Three by John Green

I read a bunch of books this past week, too many to concentrate on just one. Three of them were by John Green: Looking for Alaska, An Abundance of Katherines and Paper Towns. All three of these books share a similar theme, essentially that we can't really know others, or perhaps even ourselves. These books all feature a male protagonist who comes to realize that he sees what he wants to see in his friends and himself, with detrimental results.

Looking for Alaska tells the story of Miles who goes away to boarding school in Alabama looking for a fresh start. He has no friends at his old school and is delighted when he makes friends with his new roommate "The Colonel" right away. He's even more delighted when he meets the Colonel's friend Alaska, a beautiful, cranky, interesting girl who trails excitement behind her like a comet's tail. The Colonel and Alaska are master pranksters who soon draw Miles into their plans. Miles, who has a new nickname, Pudge, which is ironic since he's quite thin, is perfectly happy to get involved with the pranks as it means he gets to spend more time with Alaska, who has captivated him without even trying.

The book is divided into two parts, before and after, with chapter headings counting down to an event and then counting the time elapsed since the event occurred. I saw a two sentence review of Looking for Alaska before I read it that discussed the event and I felt as though it spoiled some of my reading experience so I'm not going to go into what happens, but it is definitely momentous and life changing. I read the novel all in one go, with mounting anxiety as I neared the midmark. The characters are people I could easily relate to; funny, mixed up, flawed and passionate, and I didn't want any harm to come to any of them. The author does a fantastic job describing the complex emotions his characters go through in the after portion of the book, nailing the "If only" thoughts and guilt feelings that we have in the wake of something we think could have been avoided. It's easy to see why Looking for Alaska is an award-winning novel.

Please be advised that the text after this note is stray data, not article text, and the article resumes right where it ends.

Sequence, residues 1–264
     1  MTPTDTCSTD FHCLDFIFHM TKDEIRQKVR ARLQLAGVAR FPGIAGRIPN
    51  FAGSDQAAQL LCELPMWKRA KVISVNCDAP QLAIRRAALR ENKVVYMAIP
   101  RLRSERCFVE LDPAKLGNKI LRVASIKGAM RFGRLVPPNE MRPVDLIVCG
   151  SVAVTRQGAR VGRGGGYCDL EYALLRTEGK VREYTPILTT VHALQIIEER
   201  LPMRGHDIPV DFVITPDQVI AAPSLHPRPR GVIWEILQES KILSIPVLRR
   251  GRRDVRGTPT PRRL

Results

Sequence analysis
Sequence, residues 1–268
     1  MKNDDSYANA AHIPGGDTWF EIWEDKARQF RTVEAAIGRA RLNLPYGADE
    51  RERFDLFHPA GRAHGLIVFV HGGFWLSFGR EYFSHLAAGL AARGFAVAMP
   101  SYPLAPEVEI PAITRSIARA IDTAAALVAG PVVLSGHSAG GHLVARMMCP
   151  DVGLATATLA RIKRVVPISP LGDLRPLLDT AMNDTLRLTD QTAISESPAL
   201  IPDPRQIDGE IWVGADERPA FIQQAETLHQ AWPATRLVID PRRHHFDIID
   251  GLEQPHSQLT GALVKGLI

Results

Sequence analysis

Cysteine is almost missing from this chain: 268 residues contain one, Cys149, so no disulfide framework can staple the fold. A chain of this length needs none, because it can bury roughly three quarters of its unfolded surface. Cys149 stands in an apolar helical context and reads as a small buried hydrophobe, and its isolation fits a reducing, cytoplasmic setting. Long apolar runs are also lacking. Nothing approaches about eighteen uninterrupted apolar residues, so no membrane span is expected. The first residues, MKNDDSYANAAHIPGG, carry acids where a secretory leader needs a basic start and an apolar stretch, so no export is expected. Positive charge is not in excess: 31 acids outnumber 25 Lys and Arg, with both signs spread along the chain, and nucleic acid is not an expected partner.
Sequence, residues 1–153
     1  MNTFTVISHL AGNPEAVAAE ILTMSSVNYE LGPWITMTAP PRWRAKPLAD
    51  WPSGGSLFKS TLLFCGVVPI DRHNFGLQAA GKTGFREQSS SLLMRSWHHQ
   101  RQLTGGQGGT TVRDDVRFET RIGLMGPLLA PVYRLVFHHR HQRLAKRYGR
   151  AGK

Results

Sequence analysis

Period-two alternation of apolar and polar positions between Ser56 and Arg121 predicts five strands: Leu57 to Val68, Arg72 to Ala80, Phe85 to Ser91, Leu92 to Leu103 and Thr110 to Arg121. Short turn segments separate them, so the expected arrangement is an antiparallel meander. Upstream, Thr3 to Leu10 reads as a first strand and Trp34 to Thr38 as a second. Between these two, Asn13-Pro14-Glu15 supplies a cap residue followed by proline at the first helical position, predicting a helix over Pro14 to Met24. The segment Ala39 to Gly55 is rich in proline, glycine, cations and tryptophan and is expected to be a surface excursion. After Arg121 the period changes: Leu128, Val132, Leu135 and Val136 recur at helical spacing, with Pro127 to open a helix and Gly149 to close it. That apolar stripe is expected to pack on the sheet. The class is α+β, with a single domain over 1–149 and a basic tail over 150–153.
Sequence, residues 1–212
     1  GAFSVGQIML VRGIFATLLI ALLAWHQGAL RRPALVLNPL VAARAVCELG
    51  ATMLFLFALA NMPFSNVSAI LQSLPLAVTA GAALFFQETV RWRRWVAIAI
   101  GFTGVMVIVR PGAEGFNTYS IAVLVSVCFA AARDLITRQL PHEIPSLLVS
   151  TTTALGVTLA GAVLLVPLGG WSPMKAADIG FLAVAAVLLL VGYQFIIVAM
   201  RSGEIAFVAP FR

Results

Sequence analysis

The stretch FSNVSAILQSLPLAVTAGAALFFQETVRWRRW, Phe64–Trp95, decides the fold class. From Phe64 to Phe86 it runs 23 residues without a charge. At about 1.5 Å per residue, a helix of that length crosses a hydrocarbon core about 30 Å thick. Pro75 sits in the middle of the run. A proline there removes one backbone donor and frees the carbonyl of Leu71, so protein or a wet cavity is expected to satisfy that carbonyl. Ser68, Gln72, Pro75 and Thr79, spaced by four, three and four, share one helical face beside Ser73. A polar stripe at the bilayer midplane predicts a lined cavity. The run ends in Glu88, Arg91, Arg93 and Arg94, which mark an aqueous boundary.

An Abundance of Katherines is the story of Colin Singleton and his search for three things; a best friend, a girlfriend called Katherine who loves him, and to matter. Colin is a child prodigy who is well aware that child prodigies don't usually grow up to any more successful than anyone else. He fears that he has already peaked and has a rigorous training program to try and keep his brain working as hard as possible. When Katherine XIX dumps him he is extremely depressed and reluctantly agrees to go on a spur of the moment road trip with his best friend Hassan.

They stop in a tiny town called Gutshot, Tennessee, to visit the purported grave of the Archduke Ferdinand. Here they meet a girl called Lindsay, who initially makes a bad impression on Colin because she's reading a celebrity magazine, but later intrigues him. Hassan and Colin end up staying in Gutshot, working for Lindsay's mother, taking oral histories of the locals. As Colin agonizes over the end of his relationship with the most recent Katherine and wonders why he is always the one who is dumped, he has a revelation and comes up with a mathematical formula that describes the arc of relationships, how long they will last and who will dump who. Colin concentrates on developing and refining the formula, hoping that he's finally come up with something important enough to prove he matters. Lindsay helps him with the formula and the two draw ever closer even as Hassan starts to expand his horizons with new activities.